Archives For Faith

We are living in the most connected time in history. Facebook, Instagram, Snapchat, Skype, Facetime……

Why is it we have an epidemic of loneliness coupled with a lack of vulnerability?

Depression, anxiety and stress are at all time highs.

We are desperate to be known, yet terrified of being discovered.

We are able to create a public face to be anyone we want to be.

This face is merely a cover story, not reality.

Loneliness, Isolation and Self-Pity are our companions.

We are not alone in this…and not without some Biblical insight.

In 1 Kings 18, Elijah has the classic confrontation with the prophets of Baal. He challenges them to call down fire from heaven from their gods of wood and stone. When it is Elijah’s turn, he soaks his offering with barrels and barrels of precious water during a drought. God answers with fire from heaven, consuming the water and the sacrifice.

Best Book I’ve Read in 2016

November 22, 2016

The best book I have read in 2016 is Necessary Endings by Henry Cloud.

It deals with the difficult process of ending things in our lives. This could be letting an employee or co-worker go, ending a bad habit, or making a needed change in our lives.

Take a look at some of the wisdom Cloud shares in this book.

“Your attempts to fix should also include a realistic assessment of the potential for recovery and whether or not you are indulging in false hope. Leaders by nature are often optimistic and hopeful, but if you do not have some criteria by which you distinguish legitimate optimism from false hope, you will not get the benefits of pruning.”

Working in a volunteer organization, I found the next one very challenging.

The number one objection to grace says if you give people a big grace they will do whatever they want.

Dietrich Bonhoeffer in The Cost of Discipleship famously called this cheap grace.

I do not believe any grace is cheap since it cost Jesus everything.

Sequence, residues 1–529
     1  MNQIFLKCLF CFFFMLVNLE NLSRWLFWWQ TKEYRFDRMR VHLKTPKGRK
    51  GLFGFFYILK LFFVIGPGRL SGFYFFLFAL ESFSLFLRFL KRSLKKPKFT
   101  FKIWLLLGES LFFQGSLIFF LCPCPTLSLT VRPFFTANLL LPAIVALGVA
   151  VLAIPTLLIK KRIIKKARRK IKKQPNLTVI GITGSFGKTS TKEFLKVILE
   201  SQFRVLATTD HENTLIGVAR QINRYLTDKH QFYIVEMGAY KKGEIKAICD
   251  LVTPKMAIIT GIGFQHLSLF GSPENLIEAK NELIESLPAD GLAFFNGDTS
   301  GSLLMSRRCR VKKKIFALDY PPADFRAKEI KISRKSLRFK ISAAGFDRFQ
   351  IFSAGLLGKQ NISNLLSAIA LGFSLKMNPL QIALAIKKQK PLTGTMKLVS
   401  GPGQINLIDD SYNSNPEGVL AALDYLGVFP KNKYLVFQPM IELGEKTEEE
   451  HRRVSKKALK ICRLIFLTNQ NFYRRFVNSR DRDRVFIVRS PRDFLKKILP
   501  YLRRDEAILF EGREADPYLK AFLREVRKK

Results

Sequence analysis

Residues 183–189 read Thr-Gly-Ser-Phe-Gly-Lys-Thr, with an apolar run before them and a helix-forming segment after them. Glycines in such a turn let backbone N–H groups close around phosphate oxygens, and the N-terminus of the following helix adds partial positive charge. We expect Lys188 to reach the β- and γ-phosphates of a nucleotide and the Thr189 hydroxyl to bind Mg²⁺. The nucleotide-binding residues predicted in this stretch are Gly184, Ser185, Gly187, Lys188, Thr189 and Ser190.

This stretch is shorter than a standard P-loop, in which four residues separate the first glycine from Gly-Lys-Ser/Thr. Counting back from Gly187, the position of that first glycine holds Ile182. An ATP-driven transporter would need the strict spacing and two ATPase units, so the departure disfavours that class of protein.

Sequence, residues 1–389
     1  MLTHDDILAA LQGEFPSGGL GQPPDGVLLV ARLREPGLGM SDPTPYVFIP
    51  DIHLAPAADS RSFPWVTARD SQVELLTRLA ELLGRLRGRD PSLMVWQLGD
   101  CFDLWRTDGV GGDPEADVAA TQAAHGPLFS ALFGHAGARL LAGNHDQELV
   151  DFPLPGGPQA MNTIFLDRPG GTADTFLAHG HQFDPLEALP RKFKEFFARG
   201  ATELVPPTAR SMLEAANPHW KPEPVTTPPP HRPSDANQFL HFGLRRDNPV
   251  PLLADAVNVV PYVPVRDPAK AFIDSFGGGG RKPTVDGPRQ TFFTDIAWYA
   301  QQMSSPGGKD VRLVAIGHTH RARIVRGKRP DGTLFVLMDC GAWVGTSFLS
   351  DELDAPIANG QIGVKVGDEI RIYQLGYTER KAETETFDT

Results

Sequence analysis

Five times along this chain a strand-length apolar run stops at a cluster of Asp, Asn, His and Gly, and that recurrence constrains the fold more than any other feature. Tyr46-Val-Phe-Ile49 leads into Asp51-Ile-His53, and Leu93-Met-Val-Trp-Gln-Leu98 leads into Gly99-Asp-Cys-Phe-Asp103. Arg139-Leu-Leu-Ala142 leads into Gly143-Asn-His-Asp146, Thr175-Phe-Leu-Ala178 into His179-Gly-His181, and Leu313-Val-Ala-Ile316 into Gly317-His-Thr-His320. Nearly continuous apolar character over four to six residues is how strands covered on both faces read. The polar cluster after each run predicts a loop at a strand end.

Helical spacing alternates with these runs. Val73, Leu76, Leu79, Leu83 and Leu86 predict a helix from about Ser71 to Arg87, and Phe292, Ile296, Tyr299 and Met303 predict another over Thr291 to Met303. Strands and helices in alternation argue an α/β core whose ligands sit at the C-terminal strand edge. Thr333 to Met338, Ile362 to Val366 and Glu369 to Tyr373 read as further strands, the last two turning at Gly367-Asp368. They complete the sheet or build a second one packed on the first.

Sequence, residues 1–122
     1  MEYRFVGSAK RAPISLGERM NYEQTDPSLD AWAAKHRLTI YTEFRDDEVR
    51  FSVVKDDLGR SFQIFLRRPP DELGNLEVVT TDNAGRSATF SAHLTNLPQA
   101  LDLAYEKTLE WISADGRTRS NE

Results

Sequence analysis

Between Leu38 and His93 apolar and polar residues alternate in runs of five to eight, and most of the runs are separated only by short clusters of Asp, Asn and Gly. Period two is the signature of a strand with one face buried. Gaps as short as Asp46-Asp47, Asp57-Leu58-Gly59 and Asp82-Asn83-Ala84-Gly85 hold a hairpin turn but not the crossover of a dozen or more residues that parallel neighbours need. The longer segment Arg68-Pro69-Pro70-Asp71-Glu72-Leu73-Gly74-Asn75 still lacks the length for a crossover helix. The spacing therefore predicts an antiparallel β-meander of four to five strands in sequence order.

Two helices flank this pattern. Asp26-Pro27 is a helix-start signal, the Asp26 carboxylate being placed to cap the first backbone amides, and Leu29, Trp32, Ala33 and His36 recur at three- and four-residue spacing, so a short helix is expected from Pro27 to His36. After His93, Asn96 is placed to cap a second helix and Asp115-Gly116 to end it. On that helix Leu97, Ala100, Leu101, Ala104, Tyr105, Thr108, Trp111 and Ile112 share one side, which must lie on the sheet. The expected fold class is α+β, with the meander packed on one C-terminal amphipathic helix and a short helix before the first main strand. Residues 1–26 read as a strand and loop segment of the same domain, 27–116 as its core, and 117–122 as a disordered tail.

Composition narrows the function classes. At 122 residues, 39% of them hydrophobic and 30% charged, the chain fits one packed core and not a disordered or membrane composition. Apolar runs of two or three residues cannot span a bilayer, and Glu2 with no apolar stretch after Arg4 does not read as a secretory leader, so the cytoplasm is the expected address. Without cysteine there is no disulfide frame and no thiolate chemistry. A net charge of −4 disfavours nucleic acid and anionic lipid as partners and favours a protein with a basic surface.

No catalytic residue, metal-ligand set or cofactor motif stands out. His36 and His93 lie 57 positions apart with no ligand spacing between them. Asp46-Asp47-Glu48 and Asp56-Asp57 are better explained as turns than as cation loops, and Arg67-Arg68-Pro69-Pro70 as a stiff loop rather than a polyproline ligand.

I would rather argue the cheapening of grace comes not in it’s cost, but in our response to the gift we have been given. After all, Bonhoeffer and anyone speaking against a cheap grace is not referring to the price Jesus paid.

They are speaking of our response having received this amazing grace.

We don’t want people to think they can do whatever they want without consequence.

Grace is never without consequence.

Paul addressed this in Romans 6:1-2. After proclaiming an enormous grace, he knew the natural tendency of people to see what they can get away with.

Gods Who Are Not God

September 13, 2016

Andy Stanley is currently sharing a series in his church geared towards people who may have walked away from God.

In the message entitled “Gods of the No Testament”, Andy explores several false conceptions of God, which we as the church are often guilty of promoting.

These are versions of God we have been told exist, but in fact do not. These are gods we SHOULD walk away from. For those who have lost faith over these things, there might be reason to reconsider. These versions of God are not God!

Here are the groupings Andy uses. I will insert some of my own thoughts in each one.

Bodyguard God– The god protects from all harm. In this view, God doesn’t allow bad things to happen to good people. This doesn’t hold up to our experience or even that of Jesus. The author of our faith had some pretty bad things happen to him. Christianity started with horrible things happening to a very good person. Many have walked away over personal pain or the suffering of the world when God is viewed through this lens.

Why is it we feel we must portray a model of perfection as Christians?

For as long as I can remember, the stereotypical Christian was one who cleaned up well and always answered the “How are you Doing?” question with positive enthusiasm.

Do we present a church which has arrived and is all together, or one filled with people on the journey of figuring it out?

Donald Miller, in his refreshingly candid book Scary Close: Dropping the Act and Finding True Intimacy says,

“Grace only sticks to our imperfections. Those who can’t accept their imperfections can’t accept grace either.”

A photo by Keith Wickramasekara. unsplash.com/photos/C-6TaN2fxK8

Sometimes it is these imperfections which bring beauty.

Miller would imply Christianity, at is core,  is an admission of weakness. We seem to grasp this as a way to enter the door of faith.